University of Arkansas, Garland Center

Fayetteville, Arkansas

The Garland Center was conceived as a mixed-use development incorporating a 1,600-car parking facility; 20,000 square feet of retail space; and a 32,000-square-foot bookstore. The new facilities were intended to create a prominent gateway into the university, and also respond to the materiality of the existing campus architecture, consisting primarily of ADDITIONAL INFORMATIONCAPACITY1,600COST PER SQ FT$47.00CITATIONParking Facilities CitationFEATURED IN2013 Architectural PortfolioSUB CATEGORYCommunity Center/Joint Use buildings.

The site is at the edge of an urban campus and is situated between residential and student housing, and adjacent to the campus core. The three program elements (parking, retail and bookstore) were composed so the facility would be a welcoming first impression to the university, an interesting and safe place to occupy that maximizes its future retail potential. A pocket plaza was inserted between the bookstore and garage to create an intimate gathering area and a welcoming environment for those moving through the shared elevator tower backdrop.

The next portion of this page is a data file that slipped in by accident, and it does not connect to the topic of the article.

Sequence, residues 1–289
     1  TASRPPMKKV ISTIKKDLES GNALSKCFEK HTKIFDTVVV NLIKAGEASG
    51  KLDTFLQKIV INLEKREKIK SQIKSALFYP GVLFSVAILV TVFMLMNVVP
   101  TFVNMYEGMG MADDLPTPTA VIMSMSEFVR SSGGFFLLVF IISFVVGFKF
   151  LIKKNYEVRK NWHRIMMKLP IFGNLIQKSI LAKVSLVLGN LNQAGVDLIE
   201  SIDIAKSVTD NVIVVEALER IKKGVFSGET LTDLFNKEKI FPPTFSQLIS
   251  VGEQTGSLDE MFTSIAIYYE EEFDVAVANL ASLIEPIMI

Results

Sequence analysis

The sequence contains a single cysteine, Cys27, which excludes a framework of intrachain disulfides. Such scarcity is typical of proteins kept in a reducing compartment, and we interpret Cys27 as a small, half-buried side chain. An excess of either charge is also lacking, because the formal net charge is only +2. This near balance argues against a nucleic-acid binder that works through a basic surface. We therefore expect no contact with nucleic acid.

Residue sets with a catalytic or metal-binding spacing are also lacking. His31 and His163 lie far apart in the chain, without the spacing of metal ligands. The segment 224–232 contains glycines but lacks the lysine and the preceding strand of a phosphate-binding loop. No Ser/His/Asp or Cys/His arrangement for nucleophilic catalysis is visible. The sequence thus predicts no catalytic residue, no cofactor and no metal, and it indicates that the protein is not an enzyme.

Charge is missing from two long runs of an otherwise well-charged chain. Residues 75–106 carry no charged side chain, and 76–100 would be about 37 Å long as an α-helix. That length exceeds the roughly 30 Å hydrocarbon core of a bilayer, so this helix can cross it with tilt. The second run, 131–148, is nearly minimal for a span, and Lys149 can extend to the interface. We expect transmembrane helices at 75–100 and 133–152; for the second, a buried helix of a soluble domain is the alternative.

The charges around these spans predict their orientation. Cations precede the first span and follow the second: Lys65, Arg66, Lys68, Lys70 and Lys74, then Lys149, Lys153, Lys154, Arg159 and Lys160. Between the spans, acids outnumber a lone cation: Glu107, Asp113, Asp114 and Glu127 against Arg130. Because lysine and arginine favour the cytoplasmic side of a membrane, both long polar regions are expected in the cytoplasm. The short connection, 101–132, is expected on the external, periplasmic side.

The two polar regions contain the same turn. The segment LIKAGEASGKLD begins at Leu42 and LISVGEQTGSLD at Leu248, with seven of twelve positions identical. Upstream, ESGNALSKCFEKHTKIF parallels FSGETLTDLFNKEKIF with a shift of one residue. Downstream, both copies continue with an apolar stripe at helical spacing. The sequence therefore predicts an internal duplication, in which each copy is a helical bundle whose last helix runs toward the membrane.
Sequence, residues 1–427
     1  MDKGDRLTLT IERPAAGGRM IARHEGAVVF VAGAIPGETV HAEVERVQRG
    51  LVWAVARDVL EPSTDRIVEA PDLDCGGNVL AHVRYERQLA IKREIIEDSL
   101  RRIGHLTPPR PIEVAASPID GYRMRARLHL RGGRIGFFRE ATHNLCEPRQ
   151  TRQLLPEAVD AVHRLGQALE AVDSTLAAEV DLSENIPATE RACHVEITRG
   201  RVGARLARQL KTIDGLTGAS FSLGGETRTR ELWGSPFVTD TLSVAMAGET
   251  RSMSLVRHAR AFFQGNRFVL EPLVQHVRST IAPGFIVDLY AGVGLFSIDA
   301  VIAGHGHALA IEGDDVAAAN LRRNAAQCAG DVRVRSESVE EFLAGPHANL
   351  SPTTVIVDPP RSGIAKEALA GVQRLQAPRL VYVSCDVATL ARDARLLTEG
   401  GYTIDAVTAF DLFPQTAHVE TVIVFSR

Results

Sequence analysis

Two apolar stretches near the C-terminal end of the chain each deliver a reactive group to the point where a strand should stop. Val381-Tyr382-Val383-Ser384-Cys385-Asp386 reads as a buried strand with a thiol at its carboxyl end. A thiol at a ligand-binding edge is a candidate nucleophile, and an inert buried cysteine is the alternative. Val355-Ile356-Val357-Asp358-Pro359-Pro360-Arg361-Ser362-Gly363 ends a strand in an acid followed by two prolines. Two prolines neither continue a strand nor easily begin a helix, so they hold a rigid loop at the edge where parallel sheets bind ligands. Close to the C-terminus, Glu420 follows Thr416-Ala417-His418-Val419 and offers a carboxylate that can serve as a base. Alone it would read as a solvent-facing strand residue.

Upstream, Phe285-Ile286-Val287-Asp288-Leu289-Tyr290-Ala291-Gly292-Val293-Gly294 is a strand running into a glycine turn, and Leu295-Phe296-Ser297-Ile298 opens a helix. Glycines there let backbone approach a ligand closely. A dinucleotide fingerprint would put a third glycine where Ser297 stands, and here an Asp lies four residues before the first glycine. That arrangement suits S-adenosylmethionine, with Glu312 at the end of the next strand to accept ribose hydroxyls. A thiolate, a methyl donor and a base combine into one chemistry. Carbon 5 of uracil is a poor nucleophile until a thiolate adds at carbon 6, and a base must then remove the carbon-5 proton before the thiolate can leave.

Drawn from the textural and color palette found on the oldest buildings at the university, the new structures are clad in a combination of various terra-cotta systems and cement-board rainscreen panels. For the garage, a system of two baguette sizes with some randomly rotated 90 degrees helps screen the cars from view while providing a texture reminiscent of the exposed layered bedrock found throughout the region. The bookstore, a simple steel structure with hollow core decking, was conceived as a cement-board and glass box with a suspended terra-cotta sunscreen on the primary street elevations. Large openings in the screen elements are a direct response to the various sales departments contained within.

The bookstore interior prioritizes daylight and was deliberately kept simple with a limited material palette of glass and either white-painted or dark-stained wood, so as not to detract from the architecture and merchandise.

“Sensitive to pedestrian traffic. A well-organized mixed-use facility.”--2013 jury